The Keedy Lab


What are the "secret lives" of protein structures?

For protein molecules, structure is critical to function. But proteins don't like to sit still! The alternative conformations of proteins, which are often overlooked by traditional structural biology methods, can provide key insights into biological processes. We are exploring new approaches in X-ray crystallography for revealing the hidden conformational ensembles of proteins and incorporating them into new types of three-dimensional models. Our goal is to develop new methods to characterize excursions from the average structure in proteins and to explore the implications of those excursions for biology.

How are allosteric proteins "wired"?

Proteins have the inherent capacity to transmit signals through their three-dimensional structures. This phenomenon, called allostery, allows for exquisite control of protein function to regulate a wide range of cellular processes. Although allostery is thought to be quite prevalent among proteins, ​our understanding of how it works at the basic atomic level remains limited​. In the Keedy Lab, we use new methods in experimental and computational structural biology to elucidate the role of transitions between low-occupancy conformations in allostery, and test mechanistic predictions using targeted perturbations such as mutations and allosteric small-molecule activators or inhibitors. Overall, we seek to understand how a complex hierarchy of mechanical coupling between different regions of a protein structure gives rise to allosteric communication.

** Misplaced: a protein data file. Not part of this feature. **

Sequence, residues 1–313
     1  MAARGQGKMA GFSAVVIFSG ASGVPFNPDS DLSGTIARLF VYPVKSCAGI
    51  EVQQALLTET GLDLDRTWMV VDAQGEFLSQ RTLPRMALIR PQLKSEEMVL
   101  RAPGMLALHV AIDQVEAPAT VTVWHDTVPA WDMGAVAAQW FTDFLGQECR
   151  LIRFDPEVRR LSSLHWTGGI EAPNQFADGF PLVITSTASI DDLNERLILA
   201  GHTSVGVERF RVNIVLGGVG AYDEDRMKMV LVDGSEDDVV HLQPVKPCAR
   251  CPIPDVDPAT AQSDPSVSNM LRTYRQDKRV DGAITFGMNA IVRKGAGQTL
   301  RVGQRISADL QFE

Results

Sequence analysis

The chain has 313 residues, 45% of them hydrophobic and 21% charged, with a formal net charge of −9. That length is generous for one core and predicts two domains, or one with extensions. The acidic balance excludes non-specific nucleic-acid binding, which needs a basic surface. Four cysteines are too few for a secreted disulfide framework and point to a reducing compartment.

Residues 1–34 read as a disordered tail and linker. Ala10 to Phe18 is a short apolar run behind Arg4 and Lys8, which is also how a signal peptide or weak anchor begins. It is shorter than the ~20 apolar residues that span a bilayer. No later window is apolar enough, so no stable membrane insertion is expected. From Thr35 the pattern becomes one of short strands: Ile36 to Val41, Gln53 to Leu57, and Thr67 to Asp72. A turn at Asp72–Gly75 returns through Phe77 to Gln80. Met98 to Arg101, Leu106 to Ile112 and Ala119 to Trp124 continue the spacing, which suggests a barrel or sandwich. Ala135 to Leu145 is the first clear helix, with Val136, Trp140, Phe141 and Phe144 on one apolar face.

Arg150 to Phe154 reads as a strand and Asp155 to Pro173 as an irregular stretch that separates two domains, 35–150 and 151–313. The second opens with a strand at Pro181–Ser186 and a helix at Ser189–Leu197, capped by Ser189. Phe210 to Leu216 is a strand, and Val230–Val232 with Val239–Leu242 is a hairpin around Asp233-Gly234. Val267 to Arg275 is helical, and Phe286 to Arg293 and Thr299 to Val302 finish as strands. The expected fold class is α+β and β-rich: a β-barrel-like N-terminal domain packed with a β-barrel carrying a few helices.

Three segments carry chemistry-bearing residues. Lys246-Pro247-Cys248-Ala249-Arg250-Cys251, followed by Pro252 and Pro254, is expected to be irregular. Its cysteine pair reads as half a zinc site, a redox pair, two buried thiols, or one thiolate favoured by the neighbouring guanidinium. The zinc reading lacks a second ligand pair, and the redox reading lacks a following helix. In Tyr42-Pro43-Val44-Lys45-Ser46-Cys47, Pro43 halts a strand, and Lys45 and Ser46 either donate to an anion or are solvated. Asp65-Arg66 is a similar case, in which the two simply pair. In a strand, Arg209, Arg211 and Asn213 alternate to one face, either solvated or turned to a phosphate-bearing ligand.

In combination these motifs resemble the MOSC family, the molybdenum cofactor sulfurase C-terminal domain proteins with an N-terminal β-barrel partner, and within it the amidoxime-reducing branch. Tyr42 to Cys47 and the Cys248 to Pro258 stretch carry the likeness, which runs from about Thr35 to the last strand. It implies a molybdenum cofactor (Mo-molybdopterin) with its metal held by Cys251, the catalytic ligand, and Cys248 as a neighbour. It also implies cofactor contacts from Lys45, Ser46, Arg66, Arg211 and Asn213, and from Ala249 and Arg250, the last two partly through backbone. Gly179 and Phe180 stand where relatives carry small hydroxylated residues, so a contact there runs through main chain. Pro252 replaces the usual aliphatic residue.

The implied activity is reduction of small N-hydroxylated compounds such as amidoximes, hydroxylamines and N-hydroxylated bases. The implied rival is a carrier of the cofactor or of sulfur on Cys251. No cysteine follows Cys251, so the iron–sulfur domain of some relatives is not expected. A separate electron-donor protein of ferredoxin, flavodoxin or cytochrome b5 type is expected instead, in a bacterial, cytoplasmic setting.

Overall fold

Can we elucidate the design principles of modular signaling proteins?

Protein tyrosine phosphatases play key roles in signaling pathways within human cells. PTPs have distinct substrate specificities, cellular roles, and disease phenotypes, including diabetes, cancers, arthritis, and Alzheimer’s disease. However, they all share a structurally conserved catalytic domain. How has Nature co-opted a single protein domain to achieve such functional diversity? We hypothesize that in different PTPs, sequence differences "rewire" the shared cataytic domain to receive inputs from highly diverse regulatory domains. Our work explores how similar proteins can be regulated in diverse ways, even when the average structure remains static, by emphasizing the key role played by energetically coupled low-occupancy states. We aim to dissect the component-based architecture of PTPs by characterizing the conformational ensembles of a menagerie of diverse PTPs and using computational structure-based protein design methods to explore their modularity.